As for why we put fruit in a cake to begin with, it may have started out as a preservation technique. As Village Voice puts it, "Some goon discovered that fruit could be preserved by soaking it in successively greater concentrations of sugar." "Goon" might be a little strong, but once people figured out how to preserve fruit, countries were then able to import fruits from other countries. But this created a problem of its own. "Having so much sugar-laced fruit engendered the need to dispose of it in some way—thus the fruitcake," reports Village Voice. So basically, people preserved fruit by making it even more sugary, and then the only way to eat all this sugary fruit was to mix it into an even more sugary cake. Makes sense.

As someone who's never had the real, dense fruitcake — I've only had its lighter Italian variation, panettone — I don't get where all the hate comes from. And I'm not alone — it seems like nobody really knows when this once-popular dessert fell out of favor. Some speculate that when fruitcake was mass-produced and available by mail order, it became too dry and people avoided it. Some people blame it solely on Johnny Carson's infamous joke that there's only one fruitcake in the world that gets passed from household to household (that's because fruitcakes can be aged). However, there are still plenty of fruitcake lovers out there, and I say we should all give fruitcake a chance — it can't be that bad. Really. It's sugar, fruit, and cake — I fail to see what could possibly go wrong. Furthermore, this dessert has been around for centuries and clearly, it's not going anywhere anytime soon.


The History of Fruitcake

This time of year, the holidays are basically centered around eating — and with all the good food around, it's easy to understand why. Christmas especially is an occasion to feast on delicious food and down festive drinks. While most of the things we consume this time of year are beloved — who doesn't love Christmas cookies and eggnog? — there is one dessert that typically gets a bad rap. Yes, I'm talking about fruit cake. For whatever reason, people just don't like this dense, colorful confection. At the risk of sounding like an out-of-work standup comedian, what's the deal with fruitcake? If people hate it so much, why do we eat fruitcake at Christmas? Not surprisingly, eating fruitcake is a tradition that dates way back.

According to the New York Times, fruitcake dates all the way back to Roman times. Back then, Romans ate a dessert called satura — a mixture of barley mash, dried raisins, pine nuts, pomegranate seeds, and honeyed wine. It was meant to be both sour and sweet, and fun fact: the word "satire" derives from this dessert because of the sour/sweet mixture. Extra fun fact: The Romans are credited with inventing satire as a literary form. So, in a very transitive property sort of way, we would not have The Onion without fruitcake. See? The world needs fruitcake.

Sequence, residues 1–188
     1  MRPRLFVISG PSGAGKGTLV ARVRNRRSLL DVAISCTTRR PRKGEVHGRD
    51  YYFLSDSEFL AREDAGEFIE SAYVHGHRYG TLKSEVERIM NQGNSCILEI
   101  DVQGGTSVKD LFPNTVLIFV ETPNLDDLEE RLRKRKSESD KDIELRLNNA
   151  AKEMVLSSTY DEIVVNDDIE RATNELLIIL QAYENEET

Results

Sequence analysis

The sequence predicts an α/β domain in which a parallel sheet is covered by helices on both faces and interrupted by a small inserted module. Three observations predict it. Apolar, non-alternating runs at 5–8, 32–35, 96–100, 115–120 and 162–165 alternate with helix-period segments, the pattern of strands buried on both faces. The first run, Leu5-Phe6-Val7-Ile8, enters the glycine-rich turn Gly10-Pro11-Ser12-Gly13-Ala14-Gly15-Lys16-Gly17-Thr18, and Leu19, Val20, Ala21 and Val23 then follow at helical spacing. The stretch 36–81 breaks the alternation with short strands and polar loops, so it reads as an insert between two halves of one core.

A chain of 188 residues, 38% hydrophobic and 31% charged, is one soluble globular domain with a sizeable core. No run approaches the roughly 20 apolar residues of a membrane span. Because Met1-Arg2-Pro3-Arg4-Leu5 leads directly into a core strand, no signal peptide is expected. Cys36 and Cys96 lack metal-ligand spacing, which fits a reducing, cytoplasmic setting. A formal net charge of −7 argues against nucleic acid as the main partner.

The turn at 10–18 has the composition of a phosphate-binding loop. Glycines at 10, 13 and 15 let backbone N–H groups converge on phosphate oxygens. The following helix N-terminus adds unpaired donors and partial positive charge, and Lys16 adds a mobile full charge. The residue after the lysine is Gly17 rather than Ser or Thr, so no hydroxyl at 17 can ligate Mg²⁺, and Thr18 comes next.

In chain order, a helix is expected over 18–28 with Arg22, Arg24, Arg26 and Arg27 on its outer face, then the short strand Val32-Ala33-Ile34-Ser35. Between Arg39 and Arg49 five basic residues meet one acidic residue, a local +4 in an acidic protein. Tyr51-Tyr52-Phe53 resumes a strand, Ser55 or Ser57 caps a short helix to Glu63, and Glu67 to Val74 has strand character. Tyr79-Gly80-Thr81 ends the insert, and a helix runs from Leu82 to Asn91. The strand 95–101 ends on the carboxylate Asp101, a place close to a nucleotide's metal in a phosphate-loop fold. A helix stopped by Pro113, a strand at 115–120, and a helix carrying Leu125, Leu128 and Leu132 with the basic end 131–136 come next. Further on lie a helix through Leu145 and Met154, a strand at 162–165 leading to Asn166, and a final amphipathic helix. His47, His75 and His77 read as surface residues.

Over time, many European countries adopted their own version of satura. Notably, in Victorian England, plum cakes became an integral part in celebrating holidays and weddings, according to The Daily Meal. Back then, "plum" referred not to the fruit, but to dried fruits in general. The American tradition of eating fruitcake at Christmas is believed to have arisen from this tradition, though Smithsonian Mag notes that modern fruitcake dates back even further to the Middle Ages, when bread containing dried fruits became a part of Western European cuisine.

As for why we put fruit in a cake to begin with, it may have started out as a preservation technique. As Village Voice puts it, "Some goon discovered that fruit could be preserved by soaking it in successively greater concentrations of sugar." "Goon" might be a little strong, but once people figured out how to preserve fruit, countries were then able to import fruits from other countries. But this created a problem of its own. "Having so much sugar-laced fruit engendered the need to dispose of it in some way—thus the fruitcake," reports Village Voice. So basically, people preserved fruit by making it even more sugary, and then the only way to eat all this sugary fruit was to mix it into an even more sugary cake. Makes sense.

As someone who's never had the real, dense fruitcake — I've only had its lighter Italian variation, panettone — I don't get where all the hate comes from. And I'm not alone — it seems like nobody really knows when this once-popular dessert fell out of favor. Some speculate that when fruitcake was mass-produced and available by mail order, it became too dry and people avoided it. Some people blame it solely on Johnny Carson's infamous joke that there's only one fruitcake in the world that gets passed from household to household (that's because fruitcakes can be aged). However, there are still plenty of fruitcake lovers out there, and I say we should all give fruitcake a chance — it can't be that bad. Really. It's sugar, fruit, and cake — I fail to see what could possibly go wrong. Furthermore, this dessert has been around for centuries and clearly, it's not going anywhere anytime soon.


The History of Fruitcake